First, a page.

The best part about building retirement savings in your 20s is how much time you have ahead. You’re in great shape if you’re still 40 years from retiring and already planning your future.
By Their 30s: $21,731.92 to $48,710.27
Finances only become more challenging as you age. People in their thirties still have to pay bills and debt, plus new ones. You might buy a house, get married, and have children, all of which come with their own hefty price tag.
Luckily, by this age, you likely have around five to eight years of work experience under your belt (depending on if or when you graduated from school and started work). More experience usually means better pay and benefits. You might even have a plush company policy that pays your health insurance and dental.
Many companies also offer an employer-sponsored retirement plan. Typically, these plans allow you to put aside a portion of your paycheck into an account you won’t have access to until you retire. The main benefit is that your employer might match a certain amount of your contribution, allowing you to save more money than you would if you kept it all in your bank account.
For example, if you put aside 2% of a $2,000 paycheck every two weeks, it would equal $40 that your employer might match to make $80. We recommend signing up for your workplace retirement plan as soon as you receive an offer.
By Their 40s: $101,899.22 to $148,950.14
In your forties, you’ve reached the prime years of your career. With decades of experience and a sharp mind, you’ll likely make more money now than at any other time in your life. With these funds, you might finish paying off your student debt, car loans, credit card payments, or other significant debts.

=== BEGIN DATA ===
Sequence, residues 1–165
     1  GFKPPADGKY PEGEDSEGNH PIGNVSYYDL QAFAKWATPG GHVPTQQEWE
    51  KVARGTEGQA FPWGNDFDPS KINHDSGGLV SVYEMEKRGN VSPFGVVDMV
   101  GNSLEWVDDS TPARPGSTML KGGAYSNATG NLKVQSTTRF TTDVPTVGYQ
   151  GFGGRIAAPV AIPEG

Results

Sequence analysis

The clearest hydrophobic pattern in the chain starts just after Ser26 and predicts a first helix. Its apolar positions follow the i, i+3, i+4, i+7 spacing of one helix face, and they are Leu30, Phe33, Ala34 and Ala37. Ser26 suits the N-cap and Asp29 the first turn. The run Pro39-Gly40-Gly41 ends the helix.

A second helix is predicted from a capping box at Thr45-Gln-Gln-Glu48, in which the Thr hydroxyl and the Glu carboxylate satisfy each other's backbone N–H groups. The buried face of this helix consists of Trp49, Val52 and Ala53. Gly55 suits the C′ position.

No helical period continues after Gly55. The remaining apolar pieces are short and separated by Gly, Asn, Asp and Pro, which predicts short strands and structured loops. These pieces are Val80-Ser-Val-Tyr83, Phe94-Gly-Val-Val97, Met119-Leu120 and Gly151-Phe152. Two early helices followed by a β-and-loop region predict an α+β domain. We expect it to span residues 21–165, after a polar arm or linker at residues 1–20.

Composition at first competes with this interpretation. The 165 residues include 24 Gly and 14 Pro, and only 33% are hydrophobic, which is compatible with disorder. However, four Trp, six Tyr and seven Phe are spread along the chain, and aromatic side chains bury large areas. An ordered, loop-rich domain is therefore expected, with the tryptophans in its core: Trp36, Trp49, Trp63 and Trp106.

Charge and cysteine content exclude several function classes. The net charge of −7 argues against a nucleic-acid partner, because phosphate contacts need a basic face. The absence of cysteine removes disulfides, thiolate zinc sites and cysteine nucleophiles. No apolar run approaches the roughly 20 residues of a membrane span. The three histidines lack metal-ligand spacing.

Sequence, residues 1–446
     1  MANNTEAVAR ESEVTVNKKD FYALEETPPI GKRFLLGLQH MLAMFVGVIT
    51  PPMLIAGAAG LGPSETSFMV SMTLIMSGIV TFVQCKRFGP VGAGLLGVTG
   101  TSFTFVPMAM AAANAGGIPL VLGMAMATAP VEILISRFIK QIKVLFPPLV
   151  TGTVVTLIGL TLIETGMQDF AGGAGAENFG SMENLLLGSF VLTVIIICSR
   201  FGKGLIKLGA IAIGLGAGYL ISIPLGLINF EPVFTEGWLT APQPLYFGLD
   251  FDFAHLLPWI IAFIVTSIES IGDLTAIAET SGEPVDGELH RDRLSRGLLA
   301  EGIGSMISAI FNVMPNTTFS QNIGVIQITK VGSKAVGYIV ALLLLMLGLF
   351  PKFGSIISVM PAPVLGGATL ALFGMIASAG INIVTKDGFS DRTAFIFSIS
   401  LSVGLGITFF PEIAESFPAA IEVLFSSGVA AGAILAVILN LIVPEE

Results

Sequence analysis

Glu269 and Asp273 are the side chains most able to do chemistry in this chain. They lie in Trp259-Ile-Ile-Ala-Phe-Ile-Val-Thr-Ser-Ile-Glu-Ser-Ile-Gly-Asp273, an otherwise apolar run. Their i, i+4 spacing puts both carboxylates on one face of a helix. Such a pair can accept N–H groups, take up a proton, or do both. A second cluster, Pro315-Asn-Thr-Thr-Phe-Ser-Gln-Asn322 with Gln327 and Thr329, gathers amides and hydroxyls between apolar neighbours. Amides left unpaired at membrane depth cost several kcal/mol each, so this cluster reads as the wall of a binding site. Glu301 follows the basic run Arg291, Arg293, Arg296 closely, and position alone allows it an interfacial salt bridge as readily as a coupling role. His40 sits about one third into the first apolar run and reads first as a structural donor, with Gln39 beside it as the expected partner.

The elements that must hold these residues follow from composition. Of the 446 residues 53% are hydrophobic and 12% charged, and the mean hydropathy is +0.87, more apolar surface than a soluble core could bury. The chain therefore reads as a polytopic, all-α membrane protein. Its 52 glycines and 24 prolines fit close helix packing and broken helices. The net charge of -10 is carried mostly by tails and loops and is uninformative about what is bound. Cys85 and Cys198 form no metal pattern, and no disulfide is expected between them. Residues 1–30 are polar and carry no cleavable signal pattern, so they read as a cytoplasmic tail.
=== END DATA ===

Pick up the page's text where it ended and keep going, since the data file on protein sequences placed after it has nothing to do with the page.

Unfortunately, with more money comes more responsibilities. If you had children in your thirties, their needs become significant— clothes, schooling, childcare, college tuition, cars, supplies, the list never seems to end. Rather than feeding one mouth, you become responsible for multiple.
Such expenses make it easy to blow through your increased pay. If you feel behind in your retirement savings or debt, it’s not too late. Considering the average retirement age, you still have a couple of decades to nourish your retirement fund and secure your future.
By Their 50s: $146,068.38 to $223,493.56
When you turn fifty, retirement transforms from a mystical pipe dream to a legitimate goal within arm’s reach. All the money you’ve saved for the past three decades is finally only a few years away. Motivation like this makes it much easier for people in their fifties to become savings experts, squirreling away every penny they can.
Many of your bills may come from your adult children by this age. You might pay for their college tuition, weddings, and insurance plans until they graduate and land a full-time job. Once you’re over the hump, you also might begin experiencing different medical issues that rack up excessive bills.
If you’re far behind the average numbers above when you turn fifty, don’t panic. You still have ten years to save as much as you can. We recommend ramping up your retirement contributions and considering different investment opportunities that offer better capital growth.
By Their 60s: $221,451.67 to $206,819.35
When you turn sixty, all your hard work is about to pay off. Some retire right at this age, though others work another five to ten years to secure their finances.
Now is your last chance to make money, so it’s essential to spend it wisely. If you can, we recommend allocating as much of your earnings toward your retirement savings as possible.
Saving for retirement is different for everyone. The numbers above depict averages, but everyone earns different salary levels. How much you need to save depends on your income, bills, and debts. If the numbers are too far out of reach or nowhere near what you think you’ll need, use the income calculations below to personalize your retirement savings plan.
20s: 1x Your Annual Salary